This beginner tutorial is to help familiarize anyone completely new to Maya with basic scene and animation functionality. Once completed, the reader should understand how to set up an animation scene with the provided character and create basic animation.
Below are the default areas of the Maya scene referred to in all following tutorials.
NOTE: Maya icons and other visual details are liable to change slightly with each annual release. Download Maya for educational purposes via the link on the Resources page.
01. Viewport Navigation
Starting with an empty scene, it is essential to be able to move the camera and view from different angles. In the perspective viewport (Viewport Menu: Panels → Perspective → persp if not already open) the camera controls are as follows:
Rotate with Alt+Left Mouse Button.
Move with Alt+Middle Mouse Button.
Zoom with Alt+Right Mouse Button or Middle Mouse Button Roll.
These controls similarly work in the orthographic front, side & top viewports (Viewport Menu: Panels → Orthographic→ front/side/top) , minus the ability to rotate.
Make any viewport full-screen by tapping space, and select different viewport layout combinations from the menu by right-clicking the layout icons stacked vertically on the left edge of the screen. Quick-select different viewports (as well as other shortcuts), by holding space and LMB-dragging out from the Maya option.
02. Object Manipulation
The primary method of manipulating the majority of character joints is via rotation, with position reserved mostly for the main body joint and IK (Inverse Kinematics) when hands and feet are required to lock to a point in space. (Scale is rarely used when animating video game characters).
With the cube selected, hit F to focus in on the cube.
Switch between move and rotate manipulators via their icons on the left of the screen, or more easily with the W and E shortcut buttons.
Move the cube around the scene. Select the translation manipulator’s yellow box then click and drag to move it freely, or arrows for individual axes.
Importantly, switch between local and world axes to move and rotate relative to the object’s or scene’s axes respectively. Do this via the radial menu by holding W or E down respectively and LMB-dragging between the Object and World options.
03. The Time Slider
In game animation we tend to typically export animations from frame 0 so it’s a good habit to get into. Let’s set the time range to something that makes sense for our quick animation test. Under the Time Slider you’ll see 4 sets of values, two either side of a gray bar.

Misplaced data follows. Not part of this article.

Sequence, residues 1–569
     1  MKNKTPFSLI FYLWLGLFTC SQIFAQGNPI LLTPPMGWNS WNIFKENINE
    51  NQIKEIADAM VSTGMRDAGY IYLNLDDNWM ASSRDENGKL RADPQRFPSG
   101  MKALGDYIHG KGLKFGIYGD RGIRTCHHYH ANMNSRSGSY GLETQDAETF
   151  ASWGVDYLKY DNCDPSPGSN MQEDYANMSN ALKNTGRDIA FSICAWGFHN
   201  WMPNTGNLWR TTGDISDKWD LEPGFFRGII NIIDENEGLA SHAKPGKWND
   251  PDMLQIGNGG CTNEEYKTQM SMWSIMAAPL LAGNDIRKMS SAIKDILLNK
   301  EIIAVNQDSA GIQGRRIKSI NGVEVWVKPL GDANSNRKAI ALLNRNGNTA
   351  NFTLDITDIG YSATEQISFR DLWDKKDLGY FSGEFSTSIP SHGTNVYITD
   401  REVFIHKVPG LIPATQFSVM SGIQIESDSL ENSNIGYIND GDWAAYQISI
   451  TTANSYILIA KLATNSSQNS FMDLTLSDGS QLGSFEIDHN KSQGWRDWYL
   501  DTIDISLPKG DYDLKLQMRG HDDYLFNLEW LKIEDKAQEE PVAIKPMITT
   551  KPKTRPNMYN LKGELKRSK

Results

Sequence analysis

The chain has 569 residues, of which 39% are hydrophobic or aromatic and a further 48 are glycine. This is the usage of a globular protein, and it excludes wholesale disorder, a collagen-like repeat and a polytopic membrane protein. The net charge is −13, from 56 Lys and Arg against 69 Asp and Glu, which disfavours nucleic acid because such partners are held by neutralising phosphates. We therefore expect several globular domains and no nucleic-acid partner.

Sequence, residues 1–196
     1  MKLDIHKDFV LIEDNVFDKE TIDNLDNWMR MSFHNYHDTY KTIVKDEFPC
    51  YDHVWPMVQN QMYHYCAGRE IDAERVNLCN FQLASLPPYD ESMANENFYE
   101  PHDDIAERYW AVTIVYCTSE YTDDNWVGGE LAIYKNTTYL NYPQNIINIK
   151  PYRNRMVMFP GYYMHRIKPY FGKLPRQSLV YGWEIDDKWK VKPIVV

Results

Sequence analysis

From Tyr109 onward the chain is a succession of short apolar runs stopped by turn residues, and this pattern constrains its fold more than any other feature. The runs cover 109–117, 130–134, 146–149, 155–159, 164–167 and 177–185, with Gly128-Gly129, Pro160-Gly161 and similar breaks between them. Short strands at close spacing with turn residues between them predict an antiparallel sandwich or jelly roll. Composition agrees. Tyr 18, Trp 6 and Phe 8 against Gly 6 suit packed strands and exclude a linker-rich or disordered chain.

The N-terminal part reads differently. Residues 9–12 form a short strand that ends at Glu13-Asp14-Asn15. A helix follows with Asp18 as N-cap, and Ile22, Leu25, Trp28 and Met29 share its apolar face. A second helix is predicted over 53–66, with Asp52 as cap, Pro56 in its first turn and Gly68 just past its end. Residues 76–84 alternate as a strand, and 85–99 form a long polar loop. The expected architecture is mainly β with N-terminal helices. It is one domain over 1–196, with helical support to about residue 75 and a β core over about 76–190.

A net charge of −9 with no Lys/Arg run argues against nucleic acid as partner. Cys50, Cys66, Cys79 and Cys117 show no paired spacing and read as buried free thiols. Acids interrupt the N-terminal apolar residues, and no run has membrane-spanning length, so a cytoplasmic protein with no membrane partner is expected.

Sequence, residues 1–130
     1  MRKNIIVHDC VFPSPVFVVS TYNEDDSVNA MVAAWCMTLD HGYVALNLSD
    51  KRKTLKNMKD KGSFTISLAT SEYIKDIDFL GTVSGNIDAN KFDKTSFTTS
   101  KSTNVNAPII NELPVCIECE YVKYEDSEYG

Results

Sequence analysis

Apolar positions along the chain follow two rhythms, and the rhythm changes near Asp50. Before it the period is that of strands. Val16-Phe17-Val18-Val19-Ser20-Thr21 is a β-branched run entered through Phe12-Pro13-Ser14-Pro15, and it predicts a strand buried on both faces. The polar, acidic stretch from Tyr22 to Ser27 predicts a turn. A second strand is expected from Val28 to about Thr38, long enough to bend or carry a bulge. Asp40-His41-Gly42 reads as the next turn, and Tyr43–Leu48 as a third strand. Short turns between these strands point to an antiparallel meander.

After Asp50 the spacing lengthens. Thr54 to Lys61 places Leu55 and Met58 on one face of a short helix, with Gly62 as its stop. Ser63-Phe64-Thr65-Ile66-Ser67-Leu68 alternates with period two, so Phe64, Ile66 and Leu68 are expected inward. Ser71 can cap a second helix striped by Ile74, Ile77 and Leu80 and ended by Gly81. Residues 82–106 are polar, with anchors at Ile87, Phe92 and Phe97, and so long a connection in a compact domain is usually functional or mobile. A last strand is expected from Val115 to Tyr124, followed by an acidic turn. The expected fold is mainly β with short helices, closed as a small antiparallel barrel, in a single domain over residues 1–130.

Enter the left-most value as 0. This will be our animation start frame.
Enter the right-most as 100. This is our scene’s end frame (100 is just a good number to show the time range slider at a good size).
In the 2nd-leftmost box enter the value 20, and double-click the gray bar. The two centre-most values represent the zoomed time range – you can double-click to easily swap between ranges of 20 and 100 frames.
The zoomed time range allows us to repeatedly play a smaller section of a larger animation, allowing us to focus on just that area such as to see how a cycle might play within a larger Maya scene potentially containing multiple game animations.
04. Setting Keys
Moving a cube around is all well and good, but there’s no animation on it unless we set some keyframes that will replay on playback. Set your cube back to the origin, (zero position) if it isn’t already by LMB-dragging over all the Translate and Rotate numerical values in the Channel Box and entering a new value of 0.
With the cube still selected and the Time Slider set to frame 0, hit the S key to set a key in the current position. Notice all the values in the Channel Box turn red.
Next, move the Time Slider to frame 10 , move and rotate the cube to a different position and orientation, and hit S again.
Finally, copy the original keyframe to frame 20 by right-clicking frame 0 on the Time Slider→Copy, then moving to frame 20 of the Time Slider and then right-click →Paste → Paste
Hit the Play button in the lower right of the maya screen. Congratulations – you made your first looping animation! Now hit the red Stop button and we’ll further prepare maya for animating games.
To avoid having to hit S after every manipulation and potentially losing your changes, turn on autokey to automatically set a key when an object is moved or rotated via the icon in the lower right of the Maya screen.
LMB-clicking and dragging the current key forward and backward in the Time Slider allows you to “scrub” the animation to see it without playing, allowing you to get a good idea of how something might play out as you work on it.
05. Layers & Display Settings
Next we’re going to add the cube to a visual layer so we can hide it – handy in more complex scenes when we might want to view an animation unobstructed by the many elements often contained in a scene.
With the cube selected, create a new display layer (Layer Editor:Display Tab→ Layers Menu →Create New Layer from Selected). found in the lower right of the maya screen.
Toggle the layer contents’ (the cube’s) visibility by clicking the V.
Toggle visibility during animation playback via P.
Click the third option box between blank, T and R. These refer to Normal, Templated (wireframe) and Referenced respectively, with the latter two being unselectable to keep them safe from accidental selection & manipulation.
Adding items to layers and changing their display settings allows you to group-hide non-essential objects so as to focus on your animation. You can change the overall scene’s display settings via the shortcut keys 4 (wireframe), 5 (shaded) & 6 (textured).